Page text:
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English learners

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Students who are identified as English learners (ELs) can participate in language assistance programs to help ensure that they attain English proficiency and meet the academic content and achievement standards expected of all students. Participation in these types of programs can improve students’ English language proficiency, which in turn has been associated with improved educational outcomes.1 The percentage of public school students2 in the United States who were ELs increased between fall 2010 (9.2 percent, or 4.5 million students) and fall 2019 (10.4 percent, or 5.1 million students).3

Percentage of public school students who were English learners (ELs), by state and categorized into specific ranges: Fall 2019

The data in this figure is described in the surrounding text.

NOTE: U.S. average is for the 50 states and the District of Columbia. Categorizations are based on unrounded percentages.

In fall 2019, the percentage of public school students who were ELs was 10.0 percent or more in 12 states—half of which were located in the West—and the District of Columbia.4 The states were Alaska, California, Colorado, Delaware, Illinois, Maryland, Massachusetts, Nevada, New Mexico, Rhode Island, Texas, and Washington. Texas reported the highest percentage of ELs among its public school students (19.6 percent), followed by California (18.6 percent) and New Mexico (16.5 percent). An additional 22 states identified between 6.0 and 10.0 percent of their students as ELs and 10 states identified between 3.0 and 6.0 percent of their students as ELs. In contrast, the percentage of students who were ELs was less than 3.0 percent in 6 states: Wyoming (2.9 percent), New Hampshire (2.8 percent), Mississippi (2.5 percent), Montana (2.4 percent), Vermont (2.2 percent), and West Virginia (0.8 percent).

In fall 2019, the percentage of students who were ELs was higher for school districts in more urbanized locales than for those in less urbanized locales. EL students constituted an average of 14.8 percent of total public school enrollment in cities, 10.0 percent in suburban areas, 7.0 percent in towns, and 4.4 percent in rural areas.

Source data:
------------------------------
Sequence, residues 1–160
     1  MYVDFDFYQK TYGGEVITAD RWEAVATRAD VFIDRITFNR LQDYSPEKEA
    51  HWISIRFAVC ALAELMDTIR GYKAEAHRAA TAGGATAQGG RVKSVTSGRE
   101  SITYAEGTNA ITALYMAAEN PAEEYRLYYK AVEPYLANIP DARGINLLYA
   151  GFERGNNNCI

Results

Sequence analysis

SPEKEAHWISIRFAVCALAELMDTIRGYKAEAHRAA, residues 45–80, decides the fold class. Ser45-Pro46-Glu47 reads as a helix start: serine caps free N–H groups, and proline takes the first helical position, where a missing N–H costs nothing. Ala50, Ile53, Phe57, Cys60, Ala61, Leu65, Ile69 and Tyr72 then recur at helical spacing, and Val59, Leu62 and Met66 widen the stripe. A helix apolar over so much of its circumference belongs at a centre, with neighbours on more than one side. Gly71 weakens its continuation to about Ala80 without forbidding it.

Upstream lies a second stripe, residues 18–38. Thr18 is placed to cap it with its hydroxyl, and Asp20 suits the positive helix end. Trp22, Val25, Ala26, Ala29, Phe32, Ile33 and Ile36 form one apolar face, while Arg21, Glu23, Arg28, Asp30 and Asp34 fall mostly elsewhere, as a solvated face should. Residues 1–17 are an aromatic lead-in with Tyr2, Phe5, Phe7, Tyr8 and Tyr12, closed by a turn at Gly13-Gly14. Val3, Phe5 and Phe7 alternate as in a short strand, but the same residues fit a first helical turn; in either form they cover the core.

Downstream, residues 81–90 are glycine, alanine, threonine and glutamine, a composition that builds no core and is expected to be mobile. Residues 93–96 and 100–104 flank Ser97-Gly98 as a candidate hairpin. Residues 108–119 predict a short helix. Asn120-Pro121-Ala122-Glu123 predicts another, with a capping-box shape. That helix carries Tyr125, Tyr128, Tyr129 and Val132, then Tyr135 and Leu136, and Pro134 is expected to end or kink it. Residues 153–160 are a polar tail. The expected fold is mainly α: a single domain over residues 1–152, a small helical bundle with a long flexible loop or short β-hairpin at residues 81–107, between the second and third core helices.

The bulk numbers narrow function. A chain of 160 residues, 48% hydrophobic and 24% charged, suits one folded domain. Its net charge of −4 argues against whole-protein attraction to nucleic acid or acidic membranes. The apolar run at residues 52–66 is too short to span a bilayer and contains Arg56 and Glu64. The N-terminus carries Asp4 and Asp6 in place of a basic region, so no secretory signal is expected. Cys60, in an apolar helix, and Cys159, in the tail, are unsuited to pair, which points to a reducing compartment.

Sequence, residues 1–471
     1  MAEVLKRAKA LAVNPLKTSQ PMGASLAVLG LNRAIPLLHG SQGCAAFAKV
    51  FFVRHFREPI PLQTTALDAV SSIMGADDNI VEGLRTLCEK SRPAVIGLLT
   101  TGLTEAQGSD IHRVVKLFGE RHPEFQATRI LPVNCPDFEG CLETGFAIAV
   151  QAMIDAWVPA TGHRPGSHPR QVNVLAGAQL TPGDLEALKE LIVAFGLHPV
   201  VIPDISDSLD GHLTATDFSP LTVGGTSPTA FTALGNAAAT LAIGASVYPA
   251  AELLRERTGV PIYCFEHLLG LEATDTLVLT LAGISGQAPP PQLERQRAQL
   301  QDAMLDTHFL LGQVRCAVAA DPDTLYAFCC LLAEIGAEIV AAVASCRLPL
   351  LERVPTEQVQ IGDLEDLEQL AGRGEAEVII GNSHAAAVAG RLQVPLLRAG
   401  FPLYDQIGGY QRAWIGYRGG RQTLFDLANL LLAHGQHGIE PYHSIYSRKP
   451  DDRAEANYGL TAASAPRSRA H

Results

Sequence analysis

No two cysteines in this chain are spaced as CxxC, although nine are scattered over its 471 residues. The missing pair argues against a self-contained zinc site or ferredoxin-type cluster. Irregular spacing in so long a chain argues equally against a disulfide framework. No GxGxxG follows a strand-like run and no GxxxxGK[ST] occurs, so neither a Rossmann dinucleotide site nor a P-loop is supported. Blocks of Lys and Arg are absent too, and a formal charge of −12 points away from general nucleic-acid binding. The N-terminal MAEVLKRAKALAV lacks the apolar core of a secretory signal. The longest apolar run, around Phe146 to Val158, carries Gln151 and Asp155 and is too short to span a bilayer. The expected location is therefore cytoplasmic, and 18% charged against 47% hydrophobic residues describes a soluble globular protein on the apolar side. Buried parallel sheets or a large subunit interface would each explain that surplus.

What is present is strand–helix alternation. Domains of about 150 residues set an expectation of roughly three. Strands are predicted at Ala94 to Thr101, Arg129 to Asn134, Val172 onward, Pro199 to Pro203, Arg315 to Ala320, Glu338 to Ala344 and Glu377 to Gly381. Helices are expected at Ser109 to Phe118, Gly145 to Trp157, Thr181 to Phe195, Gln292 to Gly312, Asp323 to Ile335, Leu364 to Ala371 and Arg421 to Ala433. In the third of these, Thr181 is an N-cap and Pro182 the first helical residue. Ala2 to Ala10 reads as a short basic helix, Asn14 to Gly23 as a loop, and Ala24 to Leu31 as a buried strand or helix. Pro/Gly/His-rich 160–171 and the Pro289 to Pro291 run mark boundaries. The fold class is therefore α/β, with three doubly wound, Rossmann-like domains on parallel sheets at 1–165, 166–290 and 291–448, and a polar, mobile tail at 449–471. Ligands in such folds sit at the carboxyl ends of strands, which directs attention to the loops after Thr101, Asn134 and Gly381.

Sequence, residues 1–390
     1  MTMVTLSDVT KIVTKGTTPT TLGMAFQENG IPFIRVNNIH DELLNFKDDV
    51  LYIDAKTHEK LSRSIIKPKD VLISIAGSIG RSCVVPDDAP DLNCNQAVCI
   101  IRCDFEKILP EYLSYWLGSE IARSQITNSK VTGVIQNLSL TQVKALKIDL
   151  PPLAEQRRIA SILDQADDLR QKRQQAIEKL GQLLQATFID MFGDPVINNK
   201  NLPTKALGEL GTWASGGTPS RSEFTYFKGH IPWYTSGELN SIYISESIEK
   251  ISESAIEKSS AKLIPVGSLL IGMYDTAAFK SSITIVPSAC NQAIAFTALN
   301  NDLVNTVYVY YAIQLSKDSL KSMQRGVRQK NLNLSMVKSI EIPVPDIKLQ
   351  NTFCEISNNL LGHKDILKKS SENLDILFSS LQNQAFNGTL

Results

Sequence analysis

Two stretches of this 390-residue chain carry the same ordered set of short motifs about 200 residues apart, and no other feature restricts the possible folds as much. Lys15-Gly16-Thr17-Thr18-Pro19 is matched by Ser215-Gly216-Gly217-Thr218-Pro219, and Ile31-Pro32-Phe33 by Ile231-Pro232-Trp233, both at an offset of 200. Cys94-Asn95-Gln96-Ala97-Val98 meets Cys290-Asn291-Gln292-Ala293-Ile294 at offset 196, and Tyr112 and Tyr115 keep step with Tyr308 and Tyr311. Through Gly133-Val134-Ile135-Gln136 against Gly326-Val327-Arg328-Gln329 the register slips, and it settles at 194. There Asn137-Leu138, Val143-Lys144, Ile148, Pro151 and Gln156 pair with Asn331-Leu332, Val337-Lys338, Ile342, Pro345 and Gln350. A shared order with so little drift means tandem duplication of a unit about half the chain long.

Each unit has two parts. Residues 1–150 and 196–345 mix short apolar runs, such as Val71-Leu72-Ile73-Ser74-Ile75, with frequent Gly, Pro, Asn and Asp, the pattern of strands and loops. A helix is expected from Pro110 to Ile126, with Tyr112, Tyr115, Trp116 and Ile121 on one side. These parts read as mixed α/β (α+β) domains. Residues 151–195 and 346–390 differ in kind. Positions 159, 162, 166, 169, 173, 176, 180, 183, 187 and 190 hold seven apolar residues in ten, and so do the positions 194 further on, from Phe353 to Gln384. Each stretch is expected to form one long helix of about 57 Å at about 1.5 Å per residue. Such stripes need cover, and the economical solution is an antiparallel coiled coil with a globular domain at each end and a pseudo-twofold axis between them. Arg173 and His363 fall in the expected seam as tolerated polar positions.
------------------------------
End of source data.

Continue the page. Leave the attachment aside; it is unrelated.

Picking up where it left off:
In general, a higher percentage of public school students in lower grades than of those in upper grades were EL students in fall 2019. For example, 15.0 percent of kindergarteners were EL students, compared with 9.6 percent of 6th-graders and 7.7 percent of 8th-graders. Among 12th-graders, only 5.5 percent of students were ELs. This pattern was driven, in part, by students who are identified as ELs when they enter elementary school but obtain English language proficiency before reaching the upper grades.5

Spanish was the home language of 3.9 million EL public school students in fall 2019, representing 75.7 percent of all EL students and 7.9 percent of all public school students. Arabic was the second most commonly reported home language (spoken by 131,600 students). English was the third most common home language for EL students (105,300 students), which may reflect students who live in multilingual households or students adopted from other countries who were raised speaking another language but currently live in households where English is spoken. Chinese (100,100 students), Vietnamese (75,600 students), Portuguese (44,800 students), Russian (39,700 students), Haitian (31,500 students), Hmong (30,800 students), and Korean (25,800 students) were the next most commonly reported home languages of EL students in fall 2019.

1 Genesee, F., Lindholm-Leary, K., Saunders, W., and Christian, D. (2005). English Language Learners in U.S. Schools: An Overview of Research Findings. Journal of Education for Students Placed at Risk, 10 (4): 363–385. Retrieved January 18, 2022, from

2 Includes students in kindergarten through grade 12, as well as ungraded students and students reported as being enrolled in grade 13. Excludes students in prekindergarten.

3 For 2014 and earlier years, data on the total number of EL students enrolled in public schools and on the percentage of public school students who were ELs include only those EL students who participated in EL programs. Starting with 2015, data include all EL students, regardless of program participation. Due to this change in definition, comparisons between 2019 and earlier years should be interpreted with caution. For all years, data do not include students who were formerly identified as ELs but later obtained English language proficiency.

4 Categorizations are based on unrounded percentages.

5 Saunders, W.M., and Marcelletti, D.J. (2013). The Gap That Can't Go Away: The Catch-22 of Reclassification in Monitoring the Progress of English Learners. Educational Evaluation and Policy Analysis, 35(2): 139–156. Retrieved January 18, 2022, from

SOURCE: National Center for Education Statistics. (2022). English Learners in Public Schools. Condition of Education. U.S. Department of Education, Institute of Education Sciences. Retrieved May 31, 2022, from

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